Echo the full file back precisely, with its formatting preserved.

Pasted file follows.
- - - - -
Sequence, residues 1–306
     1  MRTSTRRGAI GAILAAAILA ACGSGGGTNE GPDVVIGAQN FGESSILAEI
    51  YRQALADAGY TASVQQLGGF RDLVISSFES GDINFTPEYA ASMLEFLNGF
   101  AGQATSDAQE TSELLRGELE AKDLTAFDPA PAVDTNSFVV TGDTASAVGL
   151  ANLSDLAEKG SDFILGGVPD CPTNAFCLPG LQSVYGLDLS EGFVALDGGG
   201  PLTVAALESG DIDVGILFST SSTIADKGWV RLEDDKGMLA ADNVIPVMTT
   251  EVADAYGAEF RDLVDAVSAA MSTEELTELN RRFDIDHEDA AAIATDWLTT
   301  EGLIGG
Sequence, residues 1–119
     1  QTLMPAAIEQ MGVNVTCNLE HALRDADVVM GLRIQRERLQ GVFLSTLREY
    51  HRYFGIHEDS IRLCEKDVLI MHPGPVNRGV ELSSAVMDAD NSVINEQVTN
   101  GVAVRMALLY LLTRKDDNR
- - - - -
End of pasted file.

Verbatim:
Sequence, residues 1–306
     1  MRTSTRRGAI GAILAAAILA ACGSGGGTNE GPDVVIGAQN FGESSILAEI
    51  YRQALADAGY TASVQQLGGF RDLVISSFES GDINFTPEYA ASMLEFLNGF
   101  AGQATSDAQE TSELLRGELE AKDLTAFDPA PAVDTNSFVV TGDTASAVGL
   151  ANLSDLAEKG SDFILGGVPD CPTNAFCLPG LQSVYGLDLS EGFVALDGGG
   201  PLTVAALESG DIDVGILFST SSTIADKGWV RLEDDKGMLA ADNVIPVMTT
   251  EVADAYGAEF RDLVDAVSAA MSTEELTELN RRFDIDHEDA AAIATDWLTT
   301  EGLIGG
Sequence, residues 1–119
     1  QTLMPAAIEQ MGVNVTCNLE HALRDADVVM GLRIQRERLQ GVFLSTLREY
    51  HRYFGIHEDS IRLCEKDVLI MHPGPVNRGV ELSSAVMDAD NSVINEQVTN
   101  GVAVRMALLY LLTRKDDNR